Big Data is an electronic explosion of strange Internet references from producer Alan Wilkis and his impressive roster of featured artists. The first album is appropriately titled 1.0, and 2.0 is precisely that—an upgrade from the first edition.
All but one of the tracks on 2.0 features another artist, and these different guests drive the album in interesting directions while Wilkis maintains his own style. “Perfect Holiday” features Twin Shadow, making for an intriguing collaboration. Dragonette accompanies “Get Some Freedom,” and while the track clearly holds the band’s influence, the Big Data style of pop and electronica is most prominent.
“Snowed In” features Rivers Cuomo of Weezer, and is not at all recognizably Weezer-esque, but his vocals do make it a standout track. The track is loud and full electro-pop at its finest; it’s loaded with epic percussion, a fun, poppy rhythm, and funky quirks that accentuate the beat. The staccato glitches in the song are combined with a Top 40 sensibility, making it ridiculously catchy. “Snowed In” captures how upbeat and peppy the album is; it’s like Chromeo or deadmau5, combined with hints of Animal Collective circa Merriweather Post Pavillion.
The instrumentation on each track is extravagant and, generally, overwhelming.
At times, it works beautifully, but other times it’s too wild. The songs on 2.0 are perfectly overproduced; they are over-the-top, and yet the excessiveness works well because of the craftsmanship. The album is reminiscent of the hyper-perfect production of Katy Perry or Ariana Grande. Sometimes the project feels like ’80s pop (“The Business of Emotion”), or sometimes, contemporary dubstep/EDM (“The Glow”).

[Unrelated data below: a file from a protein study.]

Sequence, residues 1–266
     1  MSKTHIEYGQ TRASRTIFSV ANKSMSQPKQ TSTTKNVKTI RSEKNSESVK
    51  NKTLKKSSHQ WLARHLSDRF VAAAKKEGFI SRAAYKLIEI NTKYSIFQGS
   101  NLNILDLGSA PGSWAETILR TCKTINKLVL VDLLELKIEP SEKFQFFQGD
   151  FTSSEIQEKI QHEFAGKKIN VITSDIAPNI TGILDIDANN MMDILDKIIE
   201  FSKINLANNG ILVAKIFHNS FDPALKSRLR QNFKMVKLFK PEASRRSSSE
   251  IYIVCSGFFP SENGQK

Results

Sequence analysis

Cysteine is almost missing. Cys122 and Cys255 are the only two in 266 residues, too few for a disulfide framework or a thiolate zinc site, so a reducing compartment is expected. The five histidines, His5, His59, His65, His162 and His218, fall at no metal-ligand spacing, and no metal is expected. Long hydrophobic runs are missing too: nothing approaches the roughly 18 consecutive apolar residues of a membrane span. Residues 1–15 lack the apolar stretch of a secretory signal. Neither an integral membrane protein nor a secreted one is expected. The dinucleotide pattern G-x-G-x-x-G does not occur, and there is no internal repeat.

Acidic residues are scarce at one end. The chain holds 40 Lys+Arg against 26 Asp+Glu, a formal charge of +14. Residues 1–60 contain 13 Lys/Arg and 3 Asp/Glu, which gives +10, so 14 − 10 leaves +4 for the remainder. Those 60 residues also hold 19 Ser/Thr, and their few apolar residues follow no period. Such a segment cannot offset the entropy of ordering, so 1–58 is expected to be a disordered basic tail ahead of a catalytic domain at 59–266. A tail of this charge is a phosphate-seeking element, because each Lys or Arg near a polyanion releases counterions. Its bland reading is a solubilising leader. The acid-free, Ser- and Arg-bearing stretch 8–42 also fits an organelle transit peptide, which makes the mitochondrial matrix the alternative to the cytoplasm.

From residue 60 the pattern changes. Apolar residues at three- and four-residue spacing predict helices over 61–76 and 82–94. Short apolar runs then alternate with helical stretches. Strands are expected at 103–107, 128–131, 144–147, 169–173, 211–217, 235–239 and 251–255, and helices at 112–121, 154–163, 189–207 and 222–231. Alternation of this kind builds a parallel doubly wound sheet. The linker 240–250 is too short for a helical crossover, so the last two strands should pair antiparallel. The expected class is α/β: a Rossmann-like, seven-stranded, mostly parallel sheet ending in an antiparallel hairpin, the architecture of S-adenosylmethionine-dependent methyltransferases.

There are a fair number of computer/Internet puns and themes throughout Big Data’s discography; the album titles are just the tip of the iceberg. “Big Dater,” the only track without any featured artists, has a dial-up sound included in the beat. A lot of the computer-oriented themes are cued sonically. From the get-go, listeners can easily categorize Big Data as electronic music, but a deeper listen reveals heavily-manipulated glitchy, contorted, more digitized sounds.
What is most captivating about the album are the beats and instrumentation—the lyrics are a generic, poppy afterthought. On “The Business of Emotion” the main lyrics are, “Feel good/Make you feel good/I’m looking for emotion/So I know just what to show you /I can see you/See your answers/This business of emotion/Yeah I know just what to show you, baby.” These lyrics are exemplary of the simple, superficial pop lyricism throughout the album, but it also seems a conscious choice to include such basic lyrics since the album sounds so processed and intentional.
Big Data’s 2.0 is a catchy, fulfilling indie-electronica album. It’s a unique project of commentary on contemporary music, making interesting developments of its own.
Big Data – 2.0 tracklist:
- The Business Of Emotion (feat. White Sea)
- Dangerous (feat. Joywave)
- Clean (feat. Jamie Lidell)
- The Glow (feat. Kimbra)
- Snowed In (feat Rivers Cuomo)
- Big Dater
- Automatic (Jenn Wasner)
- Get Some Freedom (feat. Dragonette)
- Sick For Me (feat. Bear Hands)
- Perfect Holiday (feat. Twin Shadow)